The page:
For most of us to recognise and honour our Freedom, it takes unlearning the ways we overlook our own bodies and reject them constantly, often as a tactic to survive. “If we’re talking about the revolution or liberation at large, having clear boundaries tells other people how to treat you. And it also tells people what you’re available for,” Schachter says. “And those boundaries actually serve to preserve your energy, your time and your other resources. When you’re able to preserve those resources, you then can show up whole and do the work that you need to do without those boundaries.” They continue, “boundaries give us the restraint in which we can move within a structure. Without that restraint. We just go wide instead of deep; we just get spread really thin.”
"The fact that people, often those who partake in oppressive systems, violate such boundaries is not our fault."
When it comes to self-preservation, author Bethany Webster describes women’s taught lack of boundaries as ‘self- fragmentation’, in which we’ve learned to “unconsciously and automatically oppress ourselves and other women, as a means of survival.” She writes, “disabling our own connection with ourselves to some degree and prioritising external approval in a world that favours rich, white men over everybody else.” This can often be noticed most obviously when we attempt to set a boundary and are met with ridicule, confusion, or upset. A clear indicator that somebody is benefitting off of a lack of boundaries, and doesn’t wish for the dynamic to change – even if said dynamic either works off of oppressive constructs, or is at our expense.
Speaking further on the subjugation of women’s boundaries, O’Keeffe explains, “The whole process of patriarchal conditioning is that we’re actually disconnected from ourselves. Our intuition and ways of knowing what’s okay, aren’t always validated by our rational, mechanistic worldview of the culture we live in.” O’Keeffe continues, “so we override our own knowing. This is the disconnect that we have from conditioning, in that our own sense of what’s right, or what we know, isn’t worthy of our attention or worthy of listening to. And so, if we ignore those internal signals that we’re not listening to, we are disconnected from ourselves and then it’s really hard to have a boundary.”
It’s important to note that when we come to understand all the ways our boundaries are systemically violated, a familiar reaction is blame and guilt. I seldom reflect on my shower anxiety – and entire relationship – without feelings of shame towards the fact that I let somebody else discern how long was too long to stand under running water. The fact that we were raised without the term ‘boundaries’ in our vernacular is not our fault. The fact that people, often those who partake in oppressive systems, violate such boundaries is not our fault. The fact that we have not been reared to identify how boundaries feel in our bodies and uphold them, is not our fault.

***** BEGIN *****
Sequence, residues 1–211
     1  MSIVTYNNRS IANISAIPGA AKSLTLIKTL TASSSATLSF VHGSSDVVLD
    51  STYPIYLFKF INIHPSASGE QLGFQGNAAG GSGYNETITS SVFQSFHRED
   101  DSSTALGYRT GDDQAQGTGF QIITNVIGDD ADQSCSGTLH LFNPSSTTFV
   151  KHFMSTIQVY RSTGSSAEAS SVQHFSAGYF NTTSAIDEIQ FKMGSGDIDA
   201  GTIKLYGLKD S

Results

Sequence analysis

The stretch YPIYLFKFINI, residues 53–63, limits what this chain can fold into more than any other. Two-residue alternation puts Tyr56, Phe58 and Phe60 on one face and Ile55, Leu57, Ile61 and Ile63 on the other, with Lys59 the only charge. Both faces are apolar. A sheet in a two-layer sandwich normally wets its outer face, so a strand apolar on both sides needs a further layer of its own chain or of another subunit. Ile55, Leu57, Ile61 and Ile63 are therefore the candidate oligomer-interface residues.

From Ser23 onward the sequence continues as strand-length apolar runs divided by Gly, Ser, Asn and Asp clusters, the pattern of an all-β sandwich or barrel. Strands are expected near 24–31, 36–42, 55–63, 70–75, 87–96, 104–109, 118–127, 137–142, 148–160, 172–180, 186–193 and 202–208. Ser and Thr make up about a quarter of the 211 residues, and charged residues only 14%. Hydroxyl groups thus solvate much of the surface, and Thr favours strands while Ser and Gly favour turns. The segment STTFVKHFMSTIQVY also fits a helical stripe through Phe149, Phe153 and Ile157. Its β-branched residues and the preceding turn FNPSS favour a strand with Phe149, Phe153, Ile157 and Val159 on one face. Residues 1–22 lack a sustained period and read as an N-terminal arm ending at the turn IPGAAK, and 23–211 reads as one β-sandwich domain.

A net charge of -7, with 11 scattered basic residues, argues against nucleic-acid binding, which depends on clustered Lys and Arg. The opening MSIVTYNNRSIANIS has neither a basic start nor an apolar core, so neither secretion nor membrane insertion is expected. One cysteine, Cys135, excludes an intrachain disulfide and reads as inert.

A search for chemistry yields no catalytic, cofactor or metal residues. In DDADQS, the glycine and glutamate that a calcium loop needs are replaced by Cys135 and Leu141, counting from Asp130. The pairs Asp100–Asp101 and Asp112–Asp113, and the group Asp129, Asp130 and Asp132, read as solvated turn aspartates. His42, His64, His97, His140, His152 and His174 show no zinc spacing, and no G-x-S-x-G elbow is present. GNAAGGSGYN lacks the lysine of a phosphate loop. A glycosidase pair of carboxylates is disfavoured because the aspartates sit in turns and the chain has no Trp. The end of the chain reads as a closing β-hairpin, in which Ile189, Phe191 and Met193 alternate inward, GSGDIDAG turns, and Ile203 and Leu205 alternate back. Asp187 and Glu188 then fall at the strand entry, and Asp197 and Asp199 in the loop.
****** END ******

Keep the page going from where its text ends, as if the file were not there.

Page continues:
It can be very easy to feel systemically and personally gaslit by the entire conversation around boundaries, especially if we are trying to set them for the first time. Because so many of us live in a state of disconnect to the way boundaries feel in our bodies, undermining these feelings can run rampant in our everyday behaviour. We place value on the rational process over the intuitive, and ignore our own signals of discomfort. This can often be solidified by regular violators of boundaries, telling us we are overreacting, overthinking, or dramatising a situation.
In my own situation, this gaslighting played a key role in my inability to set boundaries, and subsequently, left me physically trapped at the mercy of my intuition, which presented itself in ailments that rendered me unable to take part in daily tasks, like showering without stress. This, of course, is an extreme presentation of a physical reaction to a lack of boundaries, and the ways such can inhibit our Freedom from a literal lens. “If your sympathetic nervous system is always activated because you’ve sensed that you shouldn’t have boundaries, or that they’re going to be ignored, then you never get to the rest and digest state of the parasympathetic nervous system, where you can actually come down and replenish yourself. You’re just constantly on high alert.” Schachter notes, when I explain that I have only been liberated in love when my boundaries are welcome.
"What I’ve come to learn about liberation as a whole – romantically, personally, and systemically – is that it can only flourish within a safe structure."
What I’ve come to learn about liberation as a whole – romantically, personally, and systemically – is that it can only flourish within a safe structure. Without the bounds to develop said structure, our chances of feeling truly liberated, to trust ourselves, to love unconditionally, to stand against oppressive systems, dwindle when we choose to ignore our personal limits. When this happens, liberation as we know it can be covertly, violently, and hastily ripped from our grasp before we’ve come to experience the full scope of what it truly means.
As Schachter has pointed out, it can be difficult to know what these might look like ahead of time. Before we are in situations that churn our stomachs or send our shoulders to our earlobes, it’s not so simple to discern what may affect us for years to come. However, if there is one thing we can recognise, it’s that when we are able to understand the ways in which boundaries can serve as a vehicle for liberation, the idea of setting them becomes slightly less daunting.
Boundaries are vital to our survival. They are vital to our Freedom. They are vital to how we love and how deeply we fall. They are vital to our safety. There is beauty in a boundary, in asking for what you need, in holding the line for yourself when others may not. In setting yourself free with the understanding that you are safe within yourself if you listen closely enough.